1982 – TEFRA
The Tax Equity and Fiscal Responsibility Act of 1982 (TEFRA) was really the first significant piece of legislation to have an impact on annuities. Prior to 1982, the contract owner was allowed to recoup fully his or her invested principal first before any interest was deemed to be distributed. Any withdrawals beyond that represented interest, which is fully taxed. This approach to taxing withdrawals is know as “first-in, first-out” (FIFO) – that which is first put in (principal) is considered first to be paid out.
FIFO to LIFO
The first step was to change the tax treatment of annuity distributions from “first-in, first-out” to “last-in, first-out” (LIFO). This means that any distribution prior to maturity will now be treated as first a return of taxable interest, until all interest is recovered, and only then will nontaxable principal, or basis, be recovered.
Penalty on Interest Withdrawal
Congress also imposed a 5% penalty on any interest withdrawal a contract owner took before the age of 591/2, except for those taken in the event of death or disability, over a five year (or longer) period or in cases where the annuity was held for at least 10 years prior to the distribution. Any annuity issued prior to the effective date of August 14, 1982, was grandfathered from these TEFRA regulations and remains so today.
1984 – DEFRA
The Deficit Reduction Act of 1984 (DEFRA) changed one of the exceptions to the 5% penalty tax. Specifically, it disallowed the 10-year holding period exception. This act also provided that distributions must be made from any deferred annuity at the time of the contract owner’s or annuitant’s death. Previous annuity ownership could be passed by will, allowing for multigeneration tax deferral. Any annuity issued prior to January 1, 1985 was grandfathered from DEFRA rules.
1986 – TRA
The Tax Reform Act of 1986 (TRA) changed the penalty for pre-591/2 distributions was raised from 5% to 10% and another exception to the penalty – the five-year payout exception – was disallowed. This meant that the penalty for pre-591/2 distributions was 10% and the only exceptions were distributions taken at death, disability or as payment over life expectancy. There is no grandfather provision for these TRA 1986 changes.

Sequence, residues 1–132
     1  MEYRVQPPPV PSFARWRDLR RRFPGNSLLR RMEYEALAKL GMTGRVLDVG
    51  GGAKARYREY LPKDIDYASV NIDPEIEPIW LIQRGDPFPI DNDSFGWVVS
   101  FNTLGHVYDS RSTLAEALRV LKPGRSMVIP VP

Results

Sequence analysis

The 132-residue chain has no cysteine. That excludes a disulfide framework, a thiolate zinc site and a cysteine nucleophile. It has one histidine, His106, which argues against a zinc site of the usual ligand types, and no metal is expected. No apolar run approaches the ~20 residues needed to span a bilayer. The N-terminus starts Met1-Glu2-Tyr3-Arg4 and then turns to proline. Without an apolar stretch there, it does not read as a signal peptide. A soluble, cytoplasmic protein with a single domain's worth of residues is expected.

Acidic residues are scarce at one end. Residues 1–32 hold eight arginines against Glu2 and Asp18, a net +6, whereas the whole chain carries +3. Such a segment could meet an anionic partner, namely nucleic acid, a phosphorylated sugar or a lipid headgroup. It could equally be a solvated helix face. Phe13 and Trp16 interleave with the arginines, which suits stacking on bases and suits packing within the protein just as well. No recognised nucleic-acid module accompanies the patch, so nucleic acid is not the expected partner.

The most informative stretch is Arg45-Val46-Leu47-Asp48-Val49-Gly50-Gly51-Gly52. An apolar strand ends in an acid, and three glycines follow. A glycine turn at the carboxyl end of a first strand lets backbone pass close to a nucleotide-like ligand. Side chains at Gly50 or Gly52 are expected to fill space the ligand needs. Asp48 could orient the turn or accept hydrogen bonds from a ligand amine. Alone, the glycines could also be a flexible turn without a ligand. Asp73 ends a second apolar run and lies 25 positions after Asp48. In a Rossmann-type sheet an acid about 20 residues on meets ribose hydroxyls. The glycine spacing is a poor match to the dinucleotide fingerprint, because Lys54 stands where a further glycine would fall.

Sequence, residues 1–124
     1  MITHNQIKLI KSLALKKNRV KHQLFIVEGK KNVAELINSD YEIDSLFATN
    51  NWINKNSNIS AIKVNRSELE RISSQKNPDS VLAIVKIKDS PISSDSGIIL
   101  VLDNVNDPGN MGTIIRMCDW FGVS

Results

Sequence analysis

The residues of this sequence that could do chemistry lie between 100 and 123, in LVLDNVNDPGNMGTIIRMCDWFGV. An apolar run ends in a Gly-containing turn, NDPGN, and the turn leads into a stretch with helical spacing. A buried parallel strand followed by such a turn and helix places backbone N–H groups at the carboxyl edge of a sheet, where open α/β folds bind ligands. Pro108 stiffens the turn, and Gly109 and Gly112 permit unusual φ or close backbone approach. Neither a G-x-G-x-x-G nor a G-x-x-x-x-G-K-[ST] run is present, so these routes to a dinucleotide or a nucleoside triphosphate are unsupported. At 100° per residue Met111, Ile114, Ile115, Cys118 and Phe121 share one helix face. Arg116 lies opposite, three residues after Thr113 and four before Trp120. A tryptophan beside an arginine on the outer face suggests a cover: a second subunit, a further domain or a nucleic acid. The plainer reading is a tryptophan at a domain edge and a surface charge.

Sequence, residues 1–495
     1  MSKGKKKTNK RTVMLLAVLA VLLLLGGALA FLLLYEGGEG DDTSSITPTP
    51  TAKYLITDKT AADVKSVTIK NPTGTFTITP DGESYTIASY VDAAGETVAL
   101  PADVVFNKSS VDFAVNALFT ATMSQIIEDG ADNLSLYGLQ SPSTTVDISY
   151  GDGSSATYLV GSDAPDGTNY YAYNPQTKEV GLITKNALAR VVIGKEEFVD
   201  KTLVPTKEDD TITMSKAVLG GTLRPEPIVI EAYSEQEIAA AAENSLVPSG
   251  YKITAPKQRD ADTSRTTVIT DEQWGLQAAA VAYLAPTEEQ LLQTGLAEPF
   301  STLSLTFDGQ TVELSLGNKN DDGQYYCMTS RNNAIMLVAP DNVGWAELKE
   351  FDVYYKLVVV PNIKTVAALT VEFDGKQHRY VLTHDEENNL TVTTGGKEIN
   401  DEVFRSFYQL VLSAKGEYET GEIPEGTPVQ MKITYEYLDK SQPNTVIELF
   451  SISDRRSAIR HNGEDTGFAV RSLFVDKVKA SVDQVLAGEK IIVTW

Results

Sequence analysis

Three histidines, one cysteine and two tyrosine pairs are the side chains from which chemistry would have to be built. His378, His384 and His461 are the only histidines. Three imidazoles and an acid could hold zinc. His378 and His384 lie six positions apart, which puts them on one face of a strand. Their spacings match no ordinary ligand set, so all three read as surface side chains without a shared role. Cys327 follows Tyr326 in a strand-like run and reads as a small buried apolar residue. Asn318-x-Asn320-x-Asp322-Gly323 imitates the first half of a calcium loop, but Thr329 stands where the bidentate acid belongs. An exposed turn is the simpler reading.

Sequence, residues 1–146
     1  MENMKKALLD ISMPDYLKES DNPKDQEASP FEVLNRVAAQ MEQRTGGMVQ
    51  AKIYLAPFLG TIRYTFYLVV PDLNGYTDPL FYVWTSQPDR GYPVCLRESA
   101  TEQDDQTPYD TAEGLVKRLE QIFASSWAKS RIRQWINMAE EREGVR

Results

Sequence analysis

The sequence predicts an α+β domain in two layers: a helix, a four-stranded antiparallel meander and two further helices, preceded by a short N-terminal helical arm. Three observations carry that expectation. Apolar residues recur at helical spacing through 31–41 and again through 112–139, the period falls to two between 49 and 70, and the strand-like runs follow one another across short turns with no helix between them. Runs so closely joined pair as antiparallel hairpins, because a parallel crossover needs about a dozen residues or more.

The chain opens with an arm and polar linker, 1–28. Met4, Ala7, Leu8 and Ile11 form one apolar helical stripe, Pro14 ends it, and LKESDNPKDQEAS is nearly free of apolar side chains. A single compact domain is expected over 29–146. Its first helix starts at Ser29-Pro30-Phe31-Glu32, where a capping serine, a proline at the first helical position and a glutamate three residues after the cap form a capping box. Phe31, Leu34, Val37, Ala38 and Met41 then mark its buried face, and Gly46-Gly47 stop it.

The other significant effect this act imposed on annuities was to eliminate the tax-deferred inside build-up of corporate-owned annuities.
1988 – TAMRA
The Technical and Miscellaneous Reform Act of 1988 (TAMRA) had yet another change for annuities. Congress found that instead of buying, say, one annuity contract for $100,000, individuals were buying ten $10,000 contracts. They would then take distributions from one contract, the amounts of which exceeded interest earnings credited to the one contract. This meant that these distributions would be deemed a return of principal and only partially taxed. Congress considered this to be abusive. Therefore, they instituted what has become known as the “aggregation rule.” This rule states that all annuities purchased within one calendar year will be aggregated and treated as one contract for the purposes of determining taxation of withdrawals. The effective date of this requirement was October 22, 1988. Annuities purchased prior to that time are grandfathered from this provision.
1996 – Small Business Act
The Small Business Job Protection Act of 1996 contained a number of provisions related to qualified plans and pension simplification. It affected the taxation of qualified annuities by modifying the exclusion ratio formula used to determine plan participant basis and the nontaxable portion of qualified annuity payments.
Last Updated: 9/23/2012 10:05:00 PM